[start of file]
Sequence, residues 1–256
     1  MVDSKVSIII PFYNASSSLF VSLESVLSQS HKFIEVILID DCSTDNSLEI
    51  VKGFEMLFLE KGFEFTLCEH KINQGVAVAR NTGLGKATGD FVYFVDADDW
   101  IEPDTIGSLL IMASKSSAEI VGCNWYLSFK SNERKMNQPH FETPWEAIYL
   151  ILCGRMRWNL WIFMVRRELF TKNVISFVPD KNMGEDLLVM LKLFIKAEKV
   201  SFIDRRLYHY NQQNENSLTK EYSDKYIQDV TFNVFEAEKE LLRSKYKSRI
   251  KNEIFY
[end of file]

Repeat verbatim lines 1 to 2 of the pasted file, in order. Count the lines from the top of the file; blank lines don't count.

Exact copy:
Sequence, residues 1–256
     1  MVDSKVSIII PFYNASSSLF VSLESVLSQS HKFIEVILID DCSTDNSLEI